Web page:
Wednesday, December 28, 2011

Somatics: Pain Relief Through Movement

I graduated from Physical Therapy with Leigh Boyles yesterday. I celebrated with a trip to the YMCA and a treadmill run. I wanted to run harder than I had been going and eventually ended the run at 5 miles at my fastest pace yet. It felt good. Some wobbling on the left side, but things are improving. I also had 4 trigger point injections in my left glutes on Friday. I think they have loosened things up a bit. I have been feeling tightness in my adductors at times and I also feel tight at the front of the left hip. I asked Leigh about this and she said that as the front of my hip loosens up (by pushing back as I run) the adductors should feel better.

 One thing that Leigh has been mentioning all along is that I have to retrain the way my brain works through proprioceptive work. This is something the Gait Guys have mentioned as well as Dr. Michaud in the past weeks. There was the mentioning, but finding out what to do about it is hard to do. Sure, some exercises and taping have helped me, I am running noticeably straighter, but how do you get your brain to change your whole-body movement patterns?

Last summer, right before my hip surgery, I discovered something called somatics through Martha Peterson's blog Pain Relief Through Movement and webpage. Some of her movements helped my hip in the weeks prior to my surgery when I was in Kenya. I received her DVD after I returned from Kenya and started going through it again post-surgery a while back. I have been doing the movements more frequently and then I got her newly published book Move Without Pain this month which has new exercises as well as guides to those on the DVD. It also includes a good overview of somatics.

It is a very simple to understand book to both read and use. The pictures and text structure make it easy to read and follow. While the DVD guides you through the exercises and the speed as to how to do them, the book is easier to pull out and review before doing an exercise. These are not exercises that will leave you stiff and sore like yoga or stretching can often do, but they are exercises that feel good and leave you feeling changed. I am not ready to thoroughly review the book at this time, but I do want to highlight the key ideas of somatics. You can read more here from Martha's blog.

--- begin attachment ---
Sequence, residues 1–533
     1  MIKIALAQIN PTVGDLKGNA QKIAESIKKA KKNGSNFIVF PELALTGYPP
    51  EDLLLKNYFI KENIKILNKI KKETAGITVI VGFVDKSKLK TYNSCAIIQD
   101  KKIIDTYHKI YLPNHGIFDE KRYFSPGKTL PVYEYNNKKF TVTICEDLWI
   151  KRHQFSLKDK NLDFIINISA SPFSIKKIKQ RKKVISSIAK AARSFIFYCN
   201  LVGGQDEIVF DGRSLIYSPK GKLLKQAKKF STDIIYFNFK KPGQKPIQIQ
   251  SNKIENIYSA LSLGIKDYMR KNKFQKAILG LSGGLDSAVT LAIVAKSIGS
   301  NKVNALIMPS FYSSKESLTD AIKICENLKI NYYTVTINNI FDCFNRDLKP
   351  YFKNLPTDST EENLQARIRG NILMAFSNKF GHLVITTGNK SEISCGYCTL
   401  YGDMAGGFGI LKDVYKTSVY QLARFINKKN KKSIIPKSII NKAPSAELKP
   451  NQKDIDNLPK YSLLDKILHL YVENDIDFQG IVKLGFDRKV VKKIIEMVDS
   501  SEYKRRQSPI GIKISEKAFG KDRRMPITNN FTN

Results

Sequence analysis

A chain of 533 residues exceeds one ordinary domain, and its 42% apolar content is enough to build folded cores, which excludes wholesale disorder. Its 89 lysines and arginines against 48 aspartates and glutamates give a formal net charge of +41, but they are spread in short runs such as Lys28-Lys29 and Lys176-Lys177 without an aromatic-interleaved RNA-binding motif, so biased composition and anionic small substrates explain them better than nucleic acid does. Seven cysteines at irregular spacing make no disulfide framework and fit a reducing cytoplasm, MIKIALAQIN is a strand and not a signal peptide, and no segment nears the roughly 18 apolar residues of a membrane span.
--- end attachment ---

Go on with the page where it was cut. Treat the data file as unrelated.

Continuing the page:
1) Sensory Motor Amnesia- This happens when muscles are so tight that they will not relax. One thing that I found very interesting is something that Martha mentions in her book: what looks like a structural abnormality can be an issue of sensory motor function -tight muscles that won't relax. The point of somatics is that because the brain and nervous system control the muscles you have to engage the brain to unlock muscle patterns.

2) Three Reflex Patterns- In somatics there are full body reflex patterns that people us in reaction to stress. The Green Light Reflex involves an arching of constantly tight back muscles. The Red Light Reflex is another stress related posture with a rounded back due to anxiety or fear or from sitting all day hunched over a computer. The Trauma Reflex is a response to an accident or injury and involves a twist or rotation as a way to avoid injury or pain. This can lead to imbalances as your body gets stuck in this pattern.

3) Pandiculation- This is the somatic alternative to stretching. It works like a reset button. It involves making a tight contraction, followed by a slow release of the contraction to lengthen the muscle, and a complete relaxation at the end.

Somatics uses these ideas to help you rebuild your movement patterns and get rid of chronic pain. I highly recommend Martha's website, DVD (more are promised to come out soon), and her book Move Without Pain. It might just be the method to get you to get out of pain, move better, and to recover your stride.

I have emailed back and forth with Martha and she graciously offered to do a Skype session with me. I won't go into too much specifics, but will write down the things I need to remember before I forget them. It was an awesome experience to have someone so knowledgeable take a look at how I move, perform exercises, and offer me ideas to pursue.

We worked on the side-bend (one of the exercises I had found before going to Kenya that helped my sore hip and back before the labral-tear surgery). I learned some tips on doing this move, but most important, I need to slow down when doing it. Here is an tutorial for the side-bend.

We also worked on the back-lift (directions here) and then she gave me a different exercise for my tight illiopsoas that I don't recall as being in the book or on the first DVD but is found right here.

I was also told to check out this post on 3 common mistakes when doing Somatic exercises and this post on Standing Tall and Walking.

I had a valuable learning time with Martha on Skype (first time I have ever Skyped) and a thank Martha for her time, knowledge, and inspiration.

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